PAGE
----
Eighty three Birmingham City Councillors voted unanimously to declare a climate emergency earlier this month.
They called on the government to provide the 'powers and resources' to help Birmingham become zero-carbon by 2030. I was in the viewers’ gallery, swept up in the frenzy of excited applause, and finding it hard to suppress a glow of pride.
Only four short months before, the chances of Birmingham - the birthplace of the industrial revolution - declaring a climate emergency or even taking small steps towards defending the living planet seemed practically nonexistent.
I thought back to the evening before the first youth strike, writing the words “I’m 14 years old and I want a future” on a piece of cardboard. I had no idea of the landslide of political action that was awaiting me.
It began sometime in January. My father showed me a video of a girl named Greta speaking in Davos about the climate. It was an amazing speech, but at the time I only expressed a mild interest.
After following her Instagram account I researched the climate crisis and soon found out that youth strikes were taking place in Sweden, Belgium and Australia. My father had evidently done the same, as one evening he said: “If you ever wanted to do something like that, I’d totally support you.”
From then on I kept mulling over what I could do, and I finally found the answer when, over a plate of vegan pasta, my grandfather casually asked whether I’d seen that there was going to be a global youth strike for climate, and that people would be on the streets in London.
But climate solutions need to happen everywhere, so instead of looking into tickets to Euston, I texted some friends to see if they would join me striking in Brum.
It can be frustrating growing up in a world so beset with problems. I’ve always wanted to make a positive change, but never known how.
I was keen to be like Greta and sit outside the Council House with a sign, but how does action outside lead to changes inside? I decided to write to some people who might know...
I started with my local Councillor Kerry Jenkins, who got straight back saying she would love to meet and put me in touch with a couple of others Councillors eager to help our cause.
Then I contacted Friends of the Earth, asking for advice about how to protest. They agreed to meet me and my friend before the strike... and so my activism began!
A few days later I climbed the steps to Birmingham’s Victoria Square, nervous and unsure of what to expect, but this trepidation soon melted into excitement as I saw there were others already there, a needed reassurance. I put my shyness aside and began to make friends.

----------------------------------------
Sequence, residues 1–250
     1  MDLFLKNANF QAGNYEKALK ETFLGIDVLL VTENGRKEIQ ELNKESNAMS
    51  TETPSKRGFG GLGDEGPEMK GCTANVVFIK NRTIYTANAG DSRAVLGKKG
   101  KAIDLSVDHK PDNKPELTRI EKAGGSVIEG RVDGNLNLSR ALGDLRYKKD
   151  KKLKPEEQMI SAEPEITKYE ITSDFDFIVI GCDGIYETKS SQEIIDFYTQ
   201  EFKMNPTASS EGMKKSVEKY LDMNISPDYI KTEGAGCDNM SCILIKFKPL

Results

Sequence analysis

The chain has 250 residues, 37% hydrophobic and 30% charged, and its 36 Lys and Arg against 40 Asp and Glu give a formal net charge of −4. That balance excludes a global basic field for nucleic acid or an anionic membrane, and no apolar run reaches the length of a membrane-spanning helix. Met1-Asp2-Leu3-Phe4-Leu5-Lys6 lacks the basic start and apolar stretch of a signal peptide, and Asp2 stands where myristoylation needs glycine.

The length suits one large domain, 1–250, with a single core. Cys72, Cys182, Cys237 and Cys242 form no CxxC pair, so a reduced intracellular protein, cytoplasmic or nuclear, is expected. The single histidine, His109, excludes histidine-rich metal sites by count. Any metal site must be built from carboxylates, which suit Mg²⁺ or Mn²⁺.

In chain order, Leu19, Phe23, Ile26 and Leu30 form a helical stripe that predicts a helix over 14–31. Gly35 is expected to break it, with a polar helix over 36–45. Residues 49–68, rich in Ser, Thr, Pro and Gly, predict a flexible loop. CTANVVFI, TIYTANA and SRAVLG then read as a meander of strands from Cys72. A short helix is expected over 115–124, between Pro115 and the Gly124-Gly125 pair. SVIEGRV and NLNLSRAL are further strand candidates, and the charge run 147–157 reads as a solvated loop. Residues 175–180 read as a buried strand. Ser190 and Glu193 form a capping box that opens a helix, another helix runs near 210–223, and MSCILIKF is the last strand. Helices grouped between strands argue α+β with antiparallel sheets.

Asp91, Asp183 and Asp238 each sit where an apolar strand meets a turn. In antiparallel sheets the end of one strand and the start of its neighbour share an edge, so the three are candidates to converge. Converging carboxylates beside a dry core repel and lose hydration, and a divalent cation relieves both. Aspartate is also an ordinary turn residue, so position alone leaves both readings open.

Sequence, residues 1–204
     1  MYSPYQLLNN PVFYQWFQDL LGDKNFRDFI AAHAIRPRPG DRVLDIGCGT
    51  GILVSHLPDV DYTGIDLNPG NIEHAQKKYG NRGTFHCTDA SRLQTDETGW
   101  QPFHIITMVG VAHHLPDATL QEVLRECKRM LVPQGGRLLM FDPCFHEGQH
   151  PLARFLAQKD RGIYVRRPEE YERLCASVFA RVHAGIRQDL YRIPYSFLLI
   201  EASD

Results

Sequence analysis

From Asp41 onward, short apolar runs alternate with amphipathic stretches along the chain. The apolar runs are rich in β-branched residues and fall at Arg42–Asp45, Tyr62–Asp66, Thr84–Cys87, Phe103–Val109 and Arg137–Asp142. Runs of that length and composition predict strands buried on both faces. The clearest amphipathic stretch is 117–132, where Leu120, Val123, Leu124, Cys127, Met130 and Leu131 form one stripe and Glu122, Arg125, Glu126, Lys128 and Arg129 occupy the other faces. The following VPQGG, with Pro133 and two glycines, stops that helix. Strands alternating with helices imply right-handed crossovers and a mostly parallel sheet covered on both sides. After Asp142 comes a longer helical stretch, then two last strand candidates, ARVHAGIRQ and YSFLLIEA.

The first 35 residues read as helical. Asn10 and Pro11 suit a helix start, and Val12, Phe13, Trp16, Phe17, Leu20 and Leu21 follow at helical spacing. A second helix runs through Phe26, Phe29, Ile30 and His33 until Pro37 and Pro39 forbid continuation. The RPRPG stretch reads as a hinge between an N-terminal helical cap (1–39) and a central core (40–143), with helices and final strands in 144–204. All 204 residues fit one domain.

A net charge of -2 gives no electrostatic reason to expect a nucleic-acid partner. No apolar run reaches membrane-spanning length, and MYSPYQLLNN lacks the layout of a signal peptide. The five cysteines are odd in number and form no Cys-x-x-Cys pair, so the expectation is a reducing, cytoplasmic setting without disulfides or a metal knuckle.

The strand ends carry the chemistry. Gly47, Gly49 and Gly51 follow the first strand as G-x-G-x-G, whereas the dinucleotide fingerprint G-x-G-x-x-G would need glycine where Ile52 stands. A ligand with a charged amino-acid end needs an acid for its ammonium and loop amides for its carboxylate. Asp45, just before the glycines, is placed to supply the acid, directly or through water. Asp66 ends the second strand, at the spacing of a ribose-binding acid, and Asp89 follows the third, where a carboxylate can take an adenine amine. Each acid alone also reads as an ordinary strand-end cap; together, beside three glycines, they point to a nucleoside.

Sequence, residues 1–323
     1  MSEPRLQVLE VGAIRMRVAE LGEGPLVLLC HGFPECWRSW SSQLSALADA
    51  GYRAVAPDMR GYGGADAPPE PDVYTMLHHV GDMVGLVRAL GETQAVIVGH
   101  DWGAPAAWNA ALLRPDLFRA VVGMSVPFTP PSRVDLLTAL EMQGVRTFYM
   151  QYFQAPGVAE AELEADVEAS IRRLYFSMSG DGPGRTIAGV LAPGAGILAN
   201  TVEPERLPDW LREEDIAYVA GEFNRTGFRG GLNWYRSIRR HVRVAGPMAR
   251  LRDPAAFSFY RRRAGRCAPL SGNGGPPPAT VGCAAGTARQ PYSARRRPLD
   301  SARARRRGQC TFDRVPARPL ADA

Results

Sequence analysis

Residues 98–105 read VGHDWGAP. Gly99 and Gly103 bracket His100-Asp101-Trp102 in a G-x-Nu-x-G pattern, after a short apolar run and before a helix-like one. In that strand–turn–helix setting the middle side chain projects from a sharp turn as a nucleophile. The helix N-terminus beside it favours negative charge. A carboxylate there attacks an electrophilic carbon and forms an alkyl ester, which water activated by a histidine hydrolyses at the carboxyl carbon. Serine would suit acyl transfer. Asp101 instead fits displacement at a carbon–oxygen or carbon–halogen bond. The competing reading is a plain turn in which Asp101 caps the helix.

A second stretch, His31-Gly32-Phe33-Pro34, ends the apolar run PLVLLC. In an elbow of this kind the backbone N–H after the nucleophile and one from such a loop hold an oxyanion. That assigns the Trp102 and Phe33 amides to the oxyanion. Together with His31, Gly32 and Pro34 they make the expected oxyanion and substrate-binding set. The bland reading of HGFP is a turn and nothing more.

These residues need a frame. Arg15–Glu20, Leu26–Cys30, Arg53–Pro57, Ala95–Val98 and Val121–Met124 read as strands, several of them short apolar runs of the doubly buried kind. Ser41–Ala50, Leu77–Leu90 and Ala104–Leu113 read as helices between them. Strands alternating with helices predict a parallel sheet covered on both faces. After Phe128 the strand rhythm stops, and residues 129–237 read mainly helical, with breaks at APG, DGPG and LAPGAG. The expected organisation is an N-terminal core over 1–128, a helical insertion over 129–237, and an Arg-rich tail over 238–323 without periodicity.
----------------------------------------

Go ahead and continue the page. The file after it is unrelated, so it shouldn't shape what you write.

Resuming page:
Kerry Jenkins and another Labour councillor Olly Armstrong, who had come along with his two sons in tow, soon appeared outside the Council House and invited not just myself, but all thirty strikers inside, keen to hear our thoughts and demands.
We introduced ourselves, and then were asked the surprisingly difficult question, “What do you want from the council?” I raised my hand, stood up, and answered: “The very first thing that we need Birmingham to do is declare a climate emergency.”
Between that day and the unanimous declaration, there was a lot of work and a lot of support from a lot of people. At each new strike, we achieved more and more.
We met Councillors (including the Leader of Birmingham), working specifically with Lisa Trickett and Green councillor Julien Pritchard, MPs like Jess Phillips, Richard Burden and Liam Byrne, the Conservative Mayor Andy Street and other representatives of the West Midlands Combined Authority, people from Greenpeace, Friends of the Earth and Extinction Rebellion.
We spoke on the local news, to newspapers, teachers unions amongst other Trade Unions, and at local area forums. Everywhere we went we were clear: political parties need to work together, they need to declare a climate emergency and the target needs to be 2030!
A few months later, all four political parties stood side-by-side proposing a motion to deliver on one of the strongest climate change targets in the world, stating: “Birmingham started the industrial revolution, it can lead the carbon-free revolution.”
Contrary to what many think, however, this does not mean our job is done. Birmingham Youth Strike 4 Climate is only just beginning and we will not stop until the council talk turns into action.
We have taken the crucial first step, but the next one may even be harder - if my Twitter feed is anything to go by, some Brummies may not take kindly to being at the forefront of climate action!
The Council will have to make it clear that this is positive for our city, it means faster journeys, cleaner air, less litter, stronger communities.
And anyway, we have no choice but to reduce our carbon emissions, it needs to be a priority, both socially and financially. There’s nothing more important than ecological breakdown - not even Brexit!
Olivia Wainwright is a member of the Birmingham Youth Strike 4 Climate (@bhamys4c), she blogs about the climate and has been regularly striking since February 15 2019.